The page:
On June 1, 2013, the new Limitation Act (New Act) came into force. The New Act changes the time limits for filing civil lawsuits. It replaces the previous two-, six- and 10-year limitation periods with a basic limitation period beginning two years from “discovery” and replaces the previous 30-year ultimate limitation period with a 15-year period commencing from the date of the act or omission that forms the basis of the claim (with some exceptions). In many cases, limitations may expire much earlier under the New Act than they would have under the former Limitation Act (Old Act).

The changes follow those made in other provinces with modernized limitation statutes, such as Ontario, Alberta, Saskatchewan and New Brunswick. The rationales behind the reform were that the limitation periods under the Old Act have caused confusion, there was a desire to promote certainty across provinces, and there was a need to modernize the Old Act in response to calls from a broad range of stakeholders. However, it should be noted that the British Columbia Legislature has chosen to depart from the precedent set by other provinces in a number of respects.

"Discovery" is a defined term under the New Act and may differ from "discoverability" under the Old Act. It is important to note that “discovery,” as statutorily defined, does not necessarily require actual knowledge that a claim exists. Moreover, the New Act provides special rules for assessing when certain causes of action are deemed to have been “discovered.” In some cases, the new rules will result in limitation periods commencing earlier than they would have under the old rules. Additionally, changes to the ultimate limitation period could drastically accelerate the drop-dead date for many claims. Under the New Act, the ultimate limitation period is not only halved to 15 years, but will also start running from the time of the act or omission upon which the claim is based, rather than from the accrual of a cause of action. For example, the limitation period may commence before a plaintiff has suffered damages from a defendant’s act or omission, unlike under the Old Act.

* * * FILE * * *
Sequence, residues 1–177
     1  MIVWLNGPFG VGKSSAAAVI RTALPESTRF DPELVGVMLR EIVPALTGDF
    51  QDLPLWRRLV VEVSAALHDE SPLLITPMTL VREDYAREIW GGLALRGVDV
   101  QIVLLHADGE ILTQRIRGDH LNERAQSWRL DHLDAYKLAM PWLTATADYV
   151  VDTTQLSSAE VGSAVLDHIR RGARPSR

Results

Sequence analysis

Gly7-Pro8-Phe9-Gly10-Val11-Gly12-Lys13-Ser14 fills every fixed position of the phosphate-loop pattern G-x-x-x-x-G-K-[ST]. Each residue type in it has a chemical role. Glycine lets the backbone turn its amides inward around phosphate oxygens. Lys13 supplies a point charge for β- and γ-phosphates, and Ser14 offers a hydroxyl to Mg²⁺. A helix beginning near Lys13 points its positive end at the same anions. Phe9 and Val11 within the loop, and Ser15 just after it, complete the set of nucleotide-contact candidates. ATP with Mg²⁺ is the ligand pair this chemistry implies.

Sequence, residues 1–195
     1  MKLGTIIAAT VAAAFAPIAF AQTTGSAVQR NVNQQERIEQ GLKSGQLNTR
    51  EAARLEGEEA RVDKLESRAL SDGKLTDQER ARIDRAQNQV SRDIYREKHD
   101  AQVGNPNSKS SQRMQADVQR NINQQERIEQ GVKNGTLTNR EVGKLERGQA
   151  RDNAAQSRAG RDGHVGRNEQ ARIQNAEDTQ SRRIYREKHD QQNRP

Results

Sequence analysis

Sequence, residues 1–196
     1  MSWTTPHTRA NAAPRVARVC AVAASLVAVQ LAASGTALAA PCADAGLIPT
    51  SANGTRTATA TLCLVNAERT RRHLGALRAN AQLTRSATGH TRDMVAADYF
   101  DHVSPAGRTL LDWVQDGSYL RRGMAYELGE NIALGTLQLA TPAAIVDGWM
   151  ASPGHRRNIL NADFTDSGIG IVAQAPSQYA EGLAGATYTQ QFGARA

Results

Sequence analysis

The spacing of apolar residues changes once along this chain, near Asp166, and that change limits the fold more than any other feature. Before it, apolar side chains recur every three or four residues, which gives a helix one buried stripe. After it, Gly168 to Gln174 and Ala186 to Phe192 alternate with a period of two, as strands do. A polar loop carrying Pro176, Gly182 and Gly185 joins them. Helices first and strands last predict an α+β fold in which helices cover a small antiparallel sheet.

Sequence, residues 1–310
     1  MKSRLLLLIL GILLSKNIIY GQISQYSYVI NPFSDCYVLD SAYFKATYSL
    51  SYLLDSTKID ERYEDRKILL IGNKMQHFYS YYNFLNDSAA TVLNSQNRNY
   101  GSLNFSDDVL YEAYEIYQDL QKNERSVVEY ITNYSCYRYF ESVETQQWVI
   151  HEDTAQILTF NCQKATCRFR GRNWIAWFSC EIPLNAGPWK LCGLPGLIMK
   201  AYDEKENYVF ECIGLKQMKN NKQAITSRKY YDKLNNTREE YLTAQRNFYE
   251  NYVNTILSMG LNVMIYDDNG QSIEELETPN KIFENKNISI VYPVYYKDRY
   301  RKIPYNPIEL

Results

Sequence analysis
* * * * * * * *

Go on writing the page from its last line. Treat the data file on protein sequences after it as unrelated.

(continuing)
The New Act includes transitional rules for “pre-existing claims,” as defined by the Old Act. The transitional rules preserve the old two-, six- and 10-year limitation periods for "pre-existing claims" that had not been “discovered” by the June 1, 2013, effective date, while potentially making such claims subject to provisions of the New Act, such as the definition of "discovery" and, in some cases, the new 15-year ultimate limitation period. The interpretation and application of both the definition of a “pre-existing claim” and the transitional limitation period for such a claim may be less than straightforward in some instances. Legal advice is recommended with respect to any claim potentially falling within the transitional rules.

In addition, a variety of complex exceptions may apply under the New Act, and each specific situation should be carefully considered with legal guidance. Companies and individuals are well advised to carefully consider aging discovered, but unfiled claims, and seek legal advice on the applicable period. In particular, potential claims that are close to or more than two years old should be addressed immediately.

For a further comparison of the legislative changes, refer to New Limitation Act (Bill 34) Proposed in British Columbia.